WELLINGTON, May 11, 2020, NZ Herald. Malls, cafes and restaurants re-open from Thursday and schools resume next Monday but bars must wait 10 days as the country moves to alert level 2 in 48 hours. On Thursday, retail stores, malls, cafes, restaurants, cinema and other public spaces can reopen. All require physical distancing. Health services will also restart, NZ Herald reported.
The deadline was 11.59pm on Wednesday, meaning effectively alert level 2 started on Thursday, Prime Minister Jacinda Ardern said.
She did not think level 2 would “necessarily” be in place for longer than level 3, but it depended on factors such as the number of new Covid-19 cases.
Border restrictions would remain for a long time, as would the expectation of the public oberving hand hygiene practices.
“If we slacken up, we might move in the wrong direction,” Ardern said.
Friends and family can also be reunited from Thursday. Sports teams can play but the social gathering afterwards should have no more than 10 people.
“This is a transition out of our bubbles,” Ardern said.
From Monday May 18 all schools and ECE centres will open.
Asked about schools, Ardern said parents should feel assured that they will be in safe environments.
However bars will have to wait 10 days – until Thursday May 21 – before being able to open.
Restaurants will be able to serve alcohol, she said.
Bars and restaurants will be closed if they broke the rules, Ardern said.
Ministry of Health officials had recommended keeping bars closed for two weeks but Cabinet settled on 10 days.
Closing bars for longer was rejected was a “balanced” decision, Ardern said, given the safeguards including everyone to be seated, separated and the requirement for a single server.
The “safe and normal” level 2 will be reviewed in two weeks and if progress was being made, the group size will be allowed to widen.
Bars posed the most risk and Ardern noted that South Korea had opened bars but then closed them again after there was a fresh outbreak.
She said these few extra days allowed the country to lock in the gains that had been made so far.
‘Breaking out of our bubbles’
Director general of health Dr Ashley Bloomfield said Australia had gone from 10 to 20 to 50 to 100 people for gathering restrictions, and New Zealand’s next limit would depend on what happens in coming weeks.
Bloomfield said people over 70 or with compromised health conditions should be encouraged to go out and do things safely, and it was up them and to all of us to keep them safe.
But there is an upper limit of 100 at level 2.
The policy around rest homes and hospital visits was being updated, he said, noting they are high risk environments and any visits will have strict safety rules.
Masks were not recommended, but people were able to wear them if they wanted to use them.
“It’s not a supply issue. It’s a evidence issue and the evidence is in the balance,” Bloomfield said.
There was a feeling that loads of people were not complying with alert level rules, but his sense was that the majority of people were complying.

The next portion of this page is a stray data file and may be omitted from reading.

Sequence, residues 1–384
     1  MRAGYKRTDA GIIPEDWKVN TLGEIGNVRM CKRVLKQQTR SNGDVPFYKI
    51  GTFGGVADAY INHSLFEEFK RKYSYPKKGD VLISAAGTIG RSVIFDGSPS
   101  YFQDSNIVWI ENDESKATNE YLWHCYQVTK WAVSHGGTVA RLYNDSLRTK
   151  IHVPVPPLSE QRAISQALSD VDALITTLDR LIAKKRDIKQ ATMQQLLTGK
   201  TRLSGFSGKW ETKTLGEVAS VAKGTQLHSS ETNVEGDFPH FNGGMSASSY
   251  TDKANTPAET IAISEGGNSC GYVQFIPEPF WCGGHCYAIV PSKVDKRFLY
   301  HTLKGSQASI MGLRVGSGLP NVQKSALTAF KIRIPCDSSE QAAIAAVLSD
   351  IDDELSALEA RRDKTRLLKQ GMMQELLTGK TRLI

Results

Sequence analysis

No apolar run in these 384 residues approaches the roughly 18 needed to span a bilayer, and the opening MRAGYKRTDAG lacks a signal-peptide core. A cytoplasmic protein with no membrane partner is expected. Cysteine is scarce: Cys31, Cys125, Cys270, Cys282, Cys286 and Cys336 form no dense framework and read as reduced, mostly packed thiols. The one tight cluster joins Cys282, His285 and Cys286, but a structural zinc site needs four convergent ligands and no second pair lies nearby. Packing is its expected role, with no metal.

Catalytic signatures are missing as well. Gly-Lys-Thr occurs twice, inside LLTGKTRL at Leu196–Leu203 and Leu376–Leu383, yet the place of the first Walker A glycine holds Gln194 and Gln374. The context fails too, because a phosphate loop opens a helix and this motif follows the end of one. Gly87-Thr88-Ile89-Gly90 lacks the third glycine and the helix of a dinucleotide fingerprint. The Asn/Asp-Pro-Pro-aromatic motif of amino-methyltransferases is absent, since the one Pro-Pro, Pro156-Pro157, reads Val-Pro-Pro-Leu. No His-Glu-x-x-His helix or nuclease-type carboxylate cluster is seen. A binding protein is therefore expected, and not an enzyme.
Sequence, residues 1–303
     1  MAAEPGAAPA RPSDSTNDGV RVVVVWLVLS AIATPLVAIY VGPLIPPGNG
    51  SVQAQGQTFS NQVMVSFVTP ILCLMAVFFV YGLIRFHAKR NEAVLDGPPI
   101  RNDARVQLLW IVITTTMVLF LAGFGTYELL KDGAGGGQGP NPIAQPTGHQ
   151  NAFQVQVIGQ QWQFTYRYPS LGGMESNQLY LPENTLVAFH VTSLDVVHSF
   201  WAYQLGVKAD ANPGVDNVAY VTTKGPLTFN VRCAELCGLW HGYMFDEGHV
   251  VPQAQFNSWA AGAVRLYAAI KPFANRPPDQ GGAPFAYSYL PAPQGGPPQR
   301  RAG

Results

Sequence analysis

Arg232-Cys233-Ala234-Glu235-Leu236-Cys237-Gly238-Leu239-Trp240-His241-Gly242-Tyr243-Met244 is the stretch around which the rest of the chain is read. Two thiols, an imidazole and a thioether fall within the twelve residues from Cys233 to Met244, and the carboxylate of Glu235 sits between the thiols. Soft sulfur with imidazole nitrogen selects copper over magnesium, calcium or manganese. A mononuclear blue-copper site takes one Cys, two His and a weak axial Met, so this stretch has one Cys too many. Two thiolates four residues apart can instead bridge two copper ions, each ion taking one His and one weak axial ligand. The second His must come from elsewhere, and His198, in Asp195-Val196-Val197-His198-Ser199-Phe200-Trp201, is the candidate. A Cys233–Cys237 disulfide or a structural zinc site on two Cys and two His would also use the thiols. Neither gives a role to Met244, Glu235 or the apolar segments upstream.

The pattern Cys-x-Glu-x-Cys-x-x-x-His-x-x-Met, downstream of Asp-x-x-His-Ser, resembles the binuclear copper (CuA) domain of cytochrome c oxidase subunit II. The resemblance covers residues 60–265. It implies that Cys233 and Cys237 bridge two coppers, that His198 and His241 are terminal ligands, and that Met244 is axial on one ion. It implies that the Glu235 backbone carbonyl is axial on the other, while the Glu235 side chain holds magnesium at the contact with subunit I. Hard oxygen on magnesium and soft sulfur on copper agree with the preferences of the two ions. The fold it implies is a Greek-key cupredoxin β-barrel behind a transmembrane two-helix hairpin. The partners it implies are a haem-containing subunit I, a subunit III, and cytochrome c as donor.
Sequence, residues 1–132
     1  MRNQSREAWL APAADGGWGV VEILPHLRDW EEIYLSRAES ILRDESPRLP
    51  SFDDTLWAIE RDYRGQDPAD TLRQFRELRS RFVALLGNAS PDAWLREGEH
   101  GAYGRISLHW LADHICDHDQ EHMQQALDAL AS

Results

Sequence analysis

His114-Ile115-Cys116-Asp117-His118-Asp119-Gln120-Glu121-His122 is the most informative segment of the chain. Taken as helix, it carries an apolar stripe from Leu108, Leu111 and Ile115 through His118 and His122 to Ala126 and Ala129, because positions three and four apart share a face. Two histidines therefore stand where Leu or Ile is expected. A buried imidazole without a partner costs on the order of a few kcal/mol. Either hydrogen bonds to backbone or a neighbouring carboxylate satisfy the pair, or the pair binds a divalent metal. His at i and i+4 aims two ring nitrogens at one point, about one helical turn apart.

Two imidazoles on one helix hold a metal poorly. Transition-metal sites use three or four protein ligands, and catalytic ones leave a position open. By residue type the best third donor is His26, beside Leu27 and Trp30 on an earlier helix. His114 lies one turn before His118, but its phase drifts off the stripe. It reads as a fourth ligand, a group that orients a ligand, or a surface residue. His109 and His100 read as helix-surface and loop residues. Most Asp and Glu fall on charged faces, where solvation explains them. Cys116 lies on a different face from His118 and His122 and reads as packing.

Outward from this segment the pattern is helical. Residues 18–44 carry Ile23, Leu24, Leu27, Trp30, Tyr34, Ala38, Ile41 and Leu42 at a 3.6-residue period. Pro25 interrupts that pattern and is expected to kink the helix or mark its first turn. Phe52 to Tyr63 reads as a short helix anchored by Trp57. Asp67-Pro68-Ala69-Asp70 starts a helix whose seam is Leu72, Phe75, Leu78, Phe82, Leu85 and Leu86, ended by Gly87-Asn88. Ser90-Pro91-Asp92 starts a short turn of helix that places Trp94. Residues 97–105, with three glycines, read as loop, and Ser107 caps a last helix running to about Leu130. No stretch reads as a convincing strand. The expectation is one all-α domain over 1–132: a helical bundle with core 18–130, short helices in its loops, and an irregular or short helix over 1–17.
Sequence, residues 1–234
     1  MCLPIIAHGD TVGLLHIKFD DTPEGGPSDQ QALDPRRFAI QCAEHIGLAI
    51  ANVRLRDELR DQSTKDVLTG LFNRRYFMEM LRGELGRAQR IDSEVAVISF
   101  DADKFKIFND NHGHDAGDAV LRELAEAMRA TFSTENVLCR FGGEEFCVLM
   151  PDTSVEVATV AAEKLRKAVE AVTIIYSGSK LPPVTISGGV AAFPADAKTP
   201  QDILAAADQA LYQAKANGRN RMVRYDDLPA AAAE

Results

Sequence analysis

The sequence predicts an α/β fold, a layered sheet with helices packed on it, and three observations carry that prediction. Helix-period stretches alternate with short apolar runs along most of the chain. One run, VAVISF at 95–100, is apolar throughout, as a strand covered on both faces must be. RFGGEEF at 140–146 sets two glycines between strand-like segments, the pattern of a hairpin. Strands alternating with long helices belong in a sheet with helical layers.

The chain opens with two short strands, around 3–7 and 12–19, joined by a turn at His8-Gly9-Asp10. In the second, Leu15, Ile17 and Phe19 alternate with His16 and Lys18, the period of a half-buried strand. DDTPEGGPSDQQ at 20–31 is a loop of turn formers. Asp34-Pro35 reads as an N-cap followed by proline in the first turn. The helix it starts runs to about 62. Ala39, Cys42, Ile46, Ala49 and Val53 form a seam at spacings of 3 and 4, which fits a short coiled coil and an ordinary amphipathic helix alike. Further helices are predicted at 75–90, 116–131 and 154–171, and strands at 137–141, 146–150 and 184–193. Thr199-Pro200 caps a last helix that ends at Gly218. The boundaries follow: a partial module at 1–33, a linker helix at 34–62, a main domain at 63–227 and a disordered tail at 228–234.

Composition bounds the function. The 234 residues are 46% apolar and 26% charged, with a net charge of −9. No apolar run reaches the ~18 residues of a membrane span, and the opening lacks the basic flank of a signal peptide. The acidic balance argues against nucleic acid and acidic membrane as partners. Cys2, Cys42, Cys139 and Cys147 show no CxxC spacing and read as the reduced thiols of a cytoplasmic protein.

Bloomfield said that a trigger back to level 3 might be about the number of cases and where they were happening, and the ability to control outbreaks “very quickly”.
He said regional measures might be put in place to ring-fence an outbreak, and those measures might be more restrictive than the rest of the country.
Bloomfield said there were no cases of Covid-19 inside prisons.
One confirmed case is someone who worked in Corrections but didn’t have contact with prisoners, and transmission was within the family.
He said visits for prisoners had to be done safely.
Ardern clarified that the 10-person limit was consistent. “If you are socialising with a group of your friends, you have to keep it to 10.”
In 10 days, most businesses would be reopened, much sooner than most other countries around the world.
“There does have to be a new normal,” she said.
“We will be breaking out of our bubbles. We will be around more people.”
Ardern said she didn’t have plans to resume travelling around the country immediately, and she would act in the same way she had encouraged New Zealanders to act.
But she was looking forward to hugging her sister: “That will be nice.”
Social gatherings should be kept small for now, she said.
She noted that clusters had sprung from social gatherings, including at bars, and reducing socialising was the best way to reduce risk for the time being.
“Parties, big social events, anything designed to be for mixing or mingling won’t be allowed for crowds bigger than 10.”
Bars won’t be able to take group bookings for groups larger than 10.
Ardern said that size of a group meant contact tracing would be much easier.
Larger gatherings of people will be at the movies, but will be spaced out. Sport crowds can be spaced out as well.
Those businesses will have to operate differently for the “next wee while”.
Ardern added that a family larger than 10 didn’t mean throwing someone out of the house.
Moving around the country isn’t so much of an issue, so “go and see your mum” and maybe visit a local tourism business.
The alert level will be reviewed in two weeks, and if the numbers are still looking good, gatherings of larger sizes will be permitted.
Ardern said level 4 and level 3 had broken the chain of transmission, but level 2 meant people were out and about again. “Just about all parts of the economy” will be open again, so she asked New Zealanders to be “incredibly careful” in the “new safer normal”.